By Fiona Sims
“There are two great traditions in France - gastronomy and perfume. Perfume in France is very important. The way perfumers develop new aromas gives me inspiration – much more so, in fact, than going to eat in restaurants,” declares Anne-Sophie Pic, France’s only female three Michelin-starred chef.
She’s making one of her regular visits to her new London restaurant, La Dame de Pic, located in the sumptuous new Four Seasons at Ten Trinity Square, and she’s chatting about the ingredients she uses on her menu, which is overseen by her head chef Luca Piscazzi.
Pic sources ingredients from all over the world (including overseas French departments and regions), but she also plunders the countryside around her eponymous three star restaurant in Valence, southeastern France.
Valence is the capital of the Drôme, located at the southern end of the Rhône Valley, on a corridor between the Alps and the Massif Central mountains. In short, it’s within easy reach of all the good stuff in France - from the lower Alps and the Ardèche, the Rhône Valley and the plains, to Provence in the south.
Valence also marks your arrival in the south - or the Midi, as the French like to call it. “We have a saying - we are situated between butter and olive oil. The cream and butter of Lyon, and the olive oil from the south - it’s the best of both worlds in my view,” says Pic.
“My cooking is lighter than it was in my grandfather’s day,” she explains. “For me, it’s a real challenge to get a strong flavour into my dishes and yet still make them light, so I’m always looking for new techniques and new ways of cooking things.”
She’s not wrong. My meal at La Dame de Pic was a sensory rollercoaster of flavours and textures, plus the odd new ingredient – voatsiperifery pepper, anyone?
A series of thrilling amuse-bouche start the meal, but the favourite was a foamy puree of cauliflower topped with grated Mimolette and dusted with espelette pepper. We followed that with what will be a permanent fixture, promises Pic, called berlingots.
Inspired by Valence favourite, ravioles de Romans (a small cheese and parsley stuffed pasta), Pic fills hers with lightly smoked Brillat-Savarin and serves them with wild mushrooms. There’s a whisper of Tonka bean in the sauce, while voatsiperifery pepper (it’s a rare pepper from Madagascar) adds another layer of scent and spice to the dish - that earlier perfume reference now making more sense.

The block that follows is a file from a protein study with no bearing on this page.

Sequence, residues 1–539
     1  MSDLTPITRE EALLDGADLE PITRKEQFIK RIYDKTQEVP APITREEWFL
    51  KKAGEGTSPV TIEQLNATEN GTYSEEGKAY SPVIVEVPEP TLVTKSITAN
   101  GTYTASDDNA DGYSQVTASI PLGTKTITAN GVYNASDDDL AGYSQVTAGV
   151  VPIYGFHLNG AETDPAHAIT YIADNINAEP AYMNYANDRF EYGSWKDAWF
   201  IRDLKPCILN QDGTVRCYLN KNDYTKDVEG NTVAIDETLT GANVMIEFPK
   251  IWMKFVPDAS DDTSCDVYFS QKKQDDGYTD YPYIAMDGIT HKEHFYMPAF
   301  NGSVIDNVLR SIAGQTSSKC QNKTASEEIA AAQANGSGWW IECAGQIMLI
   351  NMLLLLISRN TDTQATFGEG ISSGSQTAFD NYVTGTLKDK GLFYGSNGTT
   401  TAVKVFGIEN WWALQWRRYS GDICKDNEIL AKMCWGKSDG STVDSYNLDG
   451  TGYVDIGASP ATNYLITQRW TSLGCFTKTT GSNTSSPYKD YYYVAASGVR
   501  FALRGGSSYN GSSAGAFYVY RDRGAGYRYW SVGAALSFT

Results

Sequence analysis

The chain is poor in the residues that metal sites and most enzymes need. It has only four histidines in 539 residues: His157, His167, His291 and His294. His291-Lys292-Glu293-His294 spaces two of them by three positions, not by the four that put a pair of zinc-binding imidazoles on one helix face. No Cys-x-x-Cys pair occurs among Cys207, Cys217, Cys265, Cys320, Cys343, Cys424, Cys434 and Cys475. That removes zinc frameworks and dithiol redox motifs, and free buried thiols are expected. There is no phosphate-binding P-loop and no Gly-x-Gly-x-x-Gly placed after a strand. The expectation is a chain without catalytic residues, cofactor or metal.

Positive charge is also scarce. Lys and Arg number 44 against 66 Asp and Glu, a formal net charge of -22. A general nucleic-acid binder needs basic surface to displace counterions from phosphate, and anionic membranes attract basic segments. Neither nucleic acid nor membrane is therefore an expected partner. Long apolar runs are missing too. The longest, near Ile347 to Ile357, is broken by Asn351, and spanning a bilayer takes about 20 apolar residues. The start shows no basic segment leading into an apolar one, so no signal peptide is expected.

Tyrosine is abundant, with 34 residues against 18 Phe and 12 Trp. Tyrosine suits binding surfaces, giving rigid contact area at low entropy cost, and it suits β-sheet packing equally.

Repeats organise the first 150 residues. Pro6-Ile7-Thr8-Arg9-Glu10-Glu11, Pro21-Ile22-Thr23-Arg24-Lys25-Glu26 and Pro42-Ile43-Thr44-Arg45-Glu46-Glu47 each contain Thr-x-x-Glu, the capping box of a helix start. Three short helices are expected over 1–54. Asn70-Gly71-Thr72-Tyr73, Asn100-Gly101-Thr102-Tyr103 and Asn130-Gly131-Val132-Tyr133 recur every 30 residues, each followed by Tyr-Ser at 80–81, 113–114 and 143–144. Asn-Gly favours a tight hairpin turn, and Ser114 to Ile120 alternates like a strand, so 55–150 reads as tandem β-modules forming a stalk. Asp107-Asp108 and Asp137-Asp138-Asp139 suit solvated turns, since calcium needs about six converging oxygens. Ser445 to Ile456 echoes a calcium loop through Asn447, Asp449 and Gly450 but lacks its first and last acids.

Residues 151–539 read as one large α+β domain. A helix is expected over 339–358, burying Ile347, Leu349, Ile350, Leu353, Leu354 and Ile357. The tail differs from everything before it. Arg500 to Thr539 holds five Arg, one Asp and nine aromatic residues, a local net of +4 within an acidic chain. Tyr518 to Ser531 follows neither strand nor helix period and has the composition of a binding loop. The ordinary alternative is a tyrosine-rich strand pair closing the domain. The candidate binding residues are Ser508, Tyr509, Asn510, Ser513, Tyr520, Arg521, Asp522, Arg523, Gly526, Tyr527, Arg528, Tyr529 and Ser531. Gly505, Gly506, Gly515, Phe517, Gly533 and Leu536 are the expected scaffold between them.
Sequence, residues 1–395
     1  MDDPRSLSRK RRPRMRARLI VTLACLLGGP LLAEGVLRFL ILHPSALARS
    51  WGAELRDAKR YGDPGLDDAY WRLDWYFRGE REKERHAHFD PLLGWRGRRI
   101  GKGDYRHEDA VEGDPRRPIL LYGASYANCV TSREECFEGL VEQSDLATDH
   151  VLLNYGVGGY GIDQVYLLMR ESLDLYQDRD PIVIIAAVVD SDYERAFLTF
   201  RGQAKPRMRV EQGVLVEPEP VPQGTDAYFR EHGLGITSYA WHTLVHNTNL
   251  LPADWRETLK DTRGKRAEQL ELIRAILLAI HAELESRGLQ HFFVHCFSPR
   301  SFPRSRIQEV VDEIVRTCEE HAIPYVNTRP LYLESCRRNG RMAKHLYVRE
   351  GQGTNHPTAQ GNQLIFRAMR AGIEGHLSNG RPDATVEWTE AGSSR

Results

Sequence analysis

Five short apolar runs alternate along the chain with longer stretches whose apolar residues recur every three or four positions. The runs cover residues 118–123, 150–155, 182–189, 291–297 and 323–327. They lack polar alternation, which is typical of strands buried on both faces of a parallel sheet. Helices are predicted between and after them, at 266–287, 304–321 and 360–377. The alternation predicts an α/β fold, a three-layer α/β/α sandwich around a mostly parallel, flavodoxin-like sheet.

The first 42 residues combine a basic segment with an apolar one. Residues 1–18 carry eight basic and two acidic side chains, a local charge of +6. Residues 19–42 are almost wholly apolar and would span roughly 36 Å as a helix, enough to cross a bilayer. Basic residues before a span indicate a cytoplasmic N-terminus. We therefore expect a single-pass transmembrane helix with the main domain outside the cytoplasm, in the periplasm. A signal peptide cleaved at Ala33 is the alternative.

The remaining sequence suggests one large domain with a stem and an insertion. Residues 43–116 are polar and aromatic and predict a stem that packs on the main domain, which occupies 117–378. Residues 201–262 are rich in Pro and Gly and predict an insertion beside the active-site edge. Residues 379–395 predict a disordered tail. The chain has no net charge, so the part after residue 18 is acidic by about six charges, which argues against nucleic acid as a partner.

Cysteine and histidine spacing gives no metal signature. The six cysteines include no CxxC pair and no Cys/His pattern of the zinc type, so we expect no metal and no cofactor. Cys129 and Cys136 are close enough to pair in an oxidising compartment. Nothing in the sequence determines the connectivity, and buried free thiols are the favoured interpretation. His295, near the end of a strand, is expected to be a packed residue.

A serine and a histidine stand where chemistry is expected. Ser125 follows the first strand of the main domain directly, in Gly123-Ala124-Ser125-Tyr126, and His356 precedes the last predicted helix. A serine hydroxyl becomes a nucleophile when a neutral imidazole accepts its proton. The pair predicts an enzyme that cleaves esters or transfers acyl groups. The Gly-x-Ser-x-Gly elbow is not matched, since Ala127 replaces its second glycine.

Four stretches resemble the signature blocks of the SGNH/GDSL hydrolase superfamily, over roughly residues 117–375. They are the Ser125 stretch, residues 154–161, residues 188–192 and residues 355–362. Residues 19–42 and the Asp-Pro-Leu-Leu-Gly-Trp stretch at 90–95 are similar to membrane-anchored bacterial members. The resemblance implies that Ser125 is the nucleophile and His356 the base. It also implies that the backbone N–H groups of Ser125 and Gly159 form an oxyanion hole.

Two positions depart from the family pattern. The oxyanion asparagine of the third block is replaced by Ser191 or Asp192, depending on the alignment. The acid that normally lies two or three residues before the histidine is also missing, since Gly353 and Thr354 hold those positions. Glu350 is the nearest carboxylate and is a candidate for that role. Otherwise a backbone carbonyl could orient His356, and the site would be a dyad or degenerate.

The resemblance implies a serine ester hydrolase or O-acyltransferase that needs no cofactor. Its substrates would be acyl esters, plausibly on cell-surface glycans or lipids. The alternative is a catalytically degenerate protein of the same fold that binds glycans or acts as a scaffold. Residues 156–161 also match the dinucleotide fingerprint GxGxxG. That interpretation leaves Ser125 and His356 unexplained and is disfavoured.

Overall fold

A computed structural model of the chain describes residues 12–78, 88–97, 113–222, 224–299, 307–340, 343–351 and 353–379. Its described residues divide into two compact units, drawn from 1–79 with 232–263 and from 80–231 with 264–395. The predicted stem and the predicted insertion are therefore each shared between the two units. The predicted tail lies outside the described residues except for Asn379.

The strongest food scent of them all – truffles – plays a starring role in another Pic classic, a stunning dish of raw Scottish scallops, served with root vegetable parcels and a nepita bouillon (nepita is an oregano-like herb from the Corsican maquis).
“Everybody thinks that Périgord is the best place in France for black truffles, but it’s not true, the Rhône Valley has the best black truffles – they’re more plentiful here and have a great intensity. My grandfather used to call them black diamonds,” she says.
Vegetables are a huge focus on her menu here. “The Rhône Valley has beautiful vegetables. Did you know that this is France’s biggest, oldest organic produce growing area? The asparagus in particular is incredible here – I love white asparagus. The fruit, too, is amazing – one of my favourites is white peach. And there are so many wonderful cheeses, with Saint-Marcellin at the top of my list,” she enthuses.
I particularly loved the crispy salsify that accompanied the Brittany pigeon, which was smoked with liquorice and served with turnip and a kaffir lime-spiked bouillon.
We ended the meal with another highlight - ‘The White Millefeuille’, with Tahitian vanilla cream, jasmine jelly and voatisperifery pepper foam. It’s a jaw-dropping dish that is being talked about with awe by the capital’s pastry chefs, who coo over its impressive architectural construct. And to think that Pic initially had no intention of ever joining the family business.
Pic thought business school sounded like much more fun, compared to the drama of growing up above her parent’s prestigious restaurant in Valence. “We used to live in a small apartment above the kitchen. I could hear my father during service, the pans clattering. I saw how hard my parents worked.
“But it was while working as in intern in Paris for Moët & Chandon that it was pointed out to me how important brand Pic was and I realized I needed to go home,” she remembers. So from taking over the running of the restaurant in 1998, she won her third Michelin star in 2007.
As well as her new restaurant in London, brand Pic includes her Paris restaurant, also called La Dame de Pic, her eponymous restaurant at the Beau-Rivage Palace in Lausanne, Switzerland, and her Rick Stein-style empire in Valence.
There’s the eponymous three-Michelin starred restaurant, the hotel, called Maison Pic, a bistro called André (named after her grandfather), a cooking school called Scook, a delicatessen, and a gourmet fast food place called Daily Pic.
Her parent’s initial success was helped, she thinks, by the location of the restaurant, located right next to the main route south to the Côte d’Azur. “There’s a tradition of feeding travellers passing through here,” she explains. Add to that the fine old city of Valence and plenty of other good places to eat, including two other restaurants with Michelin stars, and people have plenty of reasons to stop here. Valence, here I come.
It’s difficult. We sympathise. Despite being an entirely different shape and size we have an uncanny ability to turn up in the same outfit (usually black) and order the same dishes. We both wear glasses, swathe ourselves in scarves and fancy Daniel Craig.
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